Old smelly musty historically significant books are my passion. The problem is that I can’t always afford the ones I want. The value of rare books is driven by the desire of people to own them. Don’t misunderstand – I have great aspirations as a book collector. Yet, when it comes to money, inevitably there are many people with a lot more of zeros on the end of their digits than me. Especially since I just hit the job market after finishing graduate school. Their combined purchasing power has always kept certain books out of reach of my tiny collection of wimpy little debit cards.
What I don’t lack is taste and the confidence to decide what I like without having to consult the opinions of others. Just because I can’t afford a $10,000 copy of George Orwell’s 1984 to sit next to the first edition copy of Animal Farm my grandmother gave me, doesn’t mean I have to compromise the vision of my collection. I won’t be going to yard sales and picking up mass-market paperbacks with bends in the cover. My collected books are different than the copies I keep in my home library, which is nothing more than a two foot wide shelf of things I am reading, things I like to reread and things I’m about to donate to the public library. Book collecting on a budget does not have to become book hoarding. There are many ways I can still buy quality and develop a collection within a specific vision and do it on a budget.
Clarify the Vision of the Collection
Probably the best way to develop a collection is to first understand its purpose. Do you collect simply on the hope that the book will increase in value? Do you collect from only one genre? One publisher? One author? Do you collect books for their content or for their historical significance as an artifact? Each collection is different.
Writing a statement of purpose for your collection can help you define what books belong and which do not. Then, when you come across a book that falls within your budget, you can confidently walk away with it, knowing it’s the right one to collect.
Collect Authors Early in their Careers
This is my solution. As an author myself, I get the opportunity to meet and talk with authors at varying stages of their careers. Some have published fifty or more books, some are having their works made into movies, but most of them are just trying to decide on a title name for their first novella.
I am often the first person to collect an author’s work. Recently, I received one of Miriam Kobra’s books, a signed copy of The Distant Shore from Buddha Puss Ink. It’s my new favorite addition to my collection of up and coming writers.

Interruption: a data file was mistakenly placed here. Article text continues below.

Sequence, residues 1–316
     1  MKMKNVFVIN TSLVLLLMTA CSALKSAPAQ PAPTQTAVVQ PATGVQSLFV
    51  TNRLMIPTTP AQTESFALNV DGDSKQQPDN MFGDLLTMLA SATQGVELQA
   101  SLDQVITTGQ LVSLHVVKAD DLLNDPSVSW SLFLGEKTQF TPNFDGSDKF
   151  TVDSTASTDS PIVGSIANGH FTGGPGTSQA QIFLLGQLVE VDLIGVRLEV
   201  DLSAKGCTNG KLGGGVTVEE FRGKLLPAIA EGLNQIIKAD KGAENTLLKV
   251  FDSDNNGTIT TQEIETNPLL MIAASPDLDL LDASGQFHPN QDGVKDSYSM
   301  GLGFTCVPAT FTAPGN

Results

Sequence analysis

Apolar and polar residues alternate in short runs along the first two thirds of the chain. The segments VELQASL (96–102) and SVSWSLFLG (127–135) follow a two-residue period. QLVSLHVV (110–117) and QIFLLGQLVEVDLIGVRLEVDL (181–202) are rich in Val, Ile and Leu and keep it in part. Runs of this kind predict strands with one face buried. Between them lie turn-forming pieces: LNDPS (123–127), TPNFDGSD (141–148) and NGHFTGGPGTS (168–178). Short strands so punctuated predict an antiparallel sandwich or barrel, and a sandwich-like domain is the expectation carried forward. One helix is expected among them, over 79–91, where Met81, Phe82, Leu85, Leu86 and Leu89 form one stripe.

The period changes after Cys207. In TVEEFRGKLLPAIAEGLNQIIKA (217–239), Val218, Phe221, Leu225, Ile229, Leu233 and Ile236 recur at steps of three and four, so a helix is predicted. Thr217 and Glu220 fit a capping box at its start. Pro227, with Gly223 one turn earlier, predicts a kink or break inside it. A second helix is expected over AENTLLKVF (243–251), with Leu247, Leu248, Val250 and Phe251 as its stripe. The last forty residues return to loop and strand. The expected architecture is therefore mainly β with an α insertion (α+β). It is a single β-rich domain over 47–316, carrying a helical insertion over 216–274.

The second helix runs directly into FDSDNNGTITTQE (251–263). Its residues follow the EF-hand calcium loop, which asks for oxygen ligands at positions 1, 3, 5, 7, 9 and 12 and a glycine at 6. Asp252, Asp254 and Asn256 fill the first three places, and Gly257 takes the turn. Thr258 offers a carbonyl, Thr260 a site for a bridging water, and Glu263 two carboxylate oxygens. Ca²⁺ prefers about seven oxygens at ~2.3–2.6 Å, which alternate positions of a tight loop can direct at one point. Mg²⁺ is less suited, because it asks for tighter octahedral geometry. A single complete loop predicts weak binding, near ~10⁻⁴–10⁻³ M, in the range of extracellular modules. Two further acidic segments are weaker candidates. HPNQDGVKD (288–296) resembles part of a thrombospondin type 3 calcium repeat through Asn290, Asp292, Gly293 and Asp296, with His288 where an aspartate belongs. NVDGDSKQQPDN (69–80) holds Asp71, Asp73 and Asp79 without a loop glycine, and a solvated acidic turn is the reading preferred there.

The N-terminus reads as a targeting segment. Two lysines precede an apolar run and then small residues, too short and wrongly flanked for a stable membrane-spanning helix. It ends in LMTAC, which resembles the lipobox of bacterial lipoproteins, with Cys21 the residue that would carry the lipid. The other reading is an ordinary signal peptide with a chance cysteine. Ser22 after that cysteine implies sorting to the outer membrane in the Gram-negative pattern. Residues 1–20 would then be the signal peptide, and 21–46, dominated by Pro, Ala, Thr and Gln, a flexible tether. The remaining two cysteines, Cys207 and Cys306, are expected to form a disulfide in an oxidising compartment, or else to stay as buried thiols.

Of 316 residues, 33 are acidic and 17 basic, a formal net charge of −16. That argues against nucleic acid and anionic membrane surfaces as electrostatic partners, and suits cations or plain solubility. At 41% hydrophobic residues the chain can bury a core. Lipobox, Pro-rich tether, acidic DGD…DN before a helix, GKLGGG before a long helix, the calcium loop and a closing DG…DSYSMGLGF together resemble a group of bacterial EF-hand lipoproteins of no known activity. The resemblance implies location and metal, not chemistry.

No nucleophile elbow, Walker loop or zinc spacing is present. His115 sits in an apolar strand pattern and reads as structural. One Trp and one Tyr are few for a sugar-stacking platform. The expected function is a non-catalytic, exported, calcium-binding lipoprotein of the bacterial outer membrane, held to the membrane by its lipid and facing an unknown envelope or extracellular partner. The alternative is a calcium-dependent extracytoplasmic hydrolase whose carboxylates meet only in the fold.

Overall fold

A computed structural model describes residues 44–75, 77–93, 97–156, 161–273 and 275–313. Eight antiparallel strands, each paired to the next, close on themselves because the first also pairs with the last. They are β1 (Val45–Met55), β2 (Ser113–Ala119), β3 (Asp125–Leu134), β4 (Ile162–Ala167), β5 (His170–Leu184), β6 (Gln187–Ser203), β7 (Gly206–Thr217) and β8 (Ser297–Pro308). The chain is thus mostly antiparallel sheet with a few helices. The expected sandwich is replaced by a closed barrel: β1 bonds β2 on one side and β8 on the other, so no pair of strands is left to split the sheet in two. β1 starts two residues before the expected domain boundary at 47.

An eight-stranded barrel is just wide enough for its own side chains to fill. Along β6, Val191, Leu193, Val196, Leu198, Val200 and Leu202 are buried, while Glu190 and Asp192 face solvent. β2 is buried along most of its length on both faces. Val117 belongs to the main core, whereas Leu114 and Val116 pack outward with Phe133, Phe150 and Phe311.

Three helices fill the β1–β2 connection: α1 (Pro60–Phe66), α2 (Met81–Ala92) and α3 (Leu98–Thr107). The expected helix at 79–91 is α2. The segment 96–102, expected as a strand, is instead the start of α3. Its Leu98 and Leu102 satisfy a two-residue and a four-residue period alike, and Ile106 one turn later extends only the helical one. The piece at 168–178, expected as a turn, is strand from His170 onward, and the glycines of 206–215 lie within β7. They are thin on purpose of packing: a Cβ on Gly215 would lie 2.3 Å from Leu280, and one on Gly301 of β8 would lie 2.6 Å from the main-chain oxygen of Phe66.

I aim to collect the first edition of the first publication of an author who is committed to his or her craft and I buy a separate copy to actually read. It’s like buying stock in an author. I buy them because I believe they have immense potential. There’s got to be a certain hit of mystery and greatness about them. I may not even read their genre, but they’re people who have balanced art, craft and business while remaining authentic in a way that triggers my admiration. Basically, I believe, given the chance, others will agree, these authors are awesome.
Frequent Yard Sales and Small Independent Bookstores
Buying up and coming authors, doesn’t mean I’m completely patient. It’s hard to hold a few shelves full of books that have potential, but have not yet generated the demand that increases their value. Sometimes, it feels like I’ll be waiting forever until one of the books I own can be brought up in a normal non-book collector-ish conversation.
It’s always a long shot, but finding the gem at a sale or somewhere the current value of a book hasn’t been recognized by the seller is still a fun way to spend an afternoon. Worst-case scenario, I walk away with a glass of lemonade after having some interesting conversations with strangers. And on a good day, I find a new book to add to my home library.
And who knows?Maybe someday I will stumble across a first edition of 1984 sitting on a spread out blanket on someone’s lawn for fifty cents.
Carrie Bailey holds a Masters in Information Studies from the University of Victoria in Wellington, New Zealand. She is the author of The 3 Indispensable Rules for Taking Charge: A Reptilian Guide to Personal Finance and World Domination and a few other unusual titles.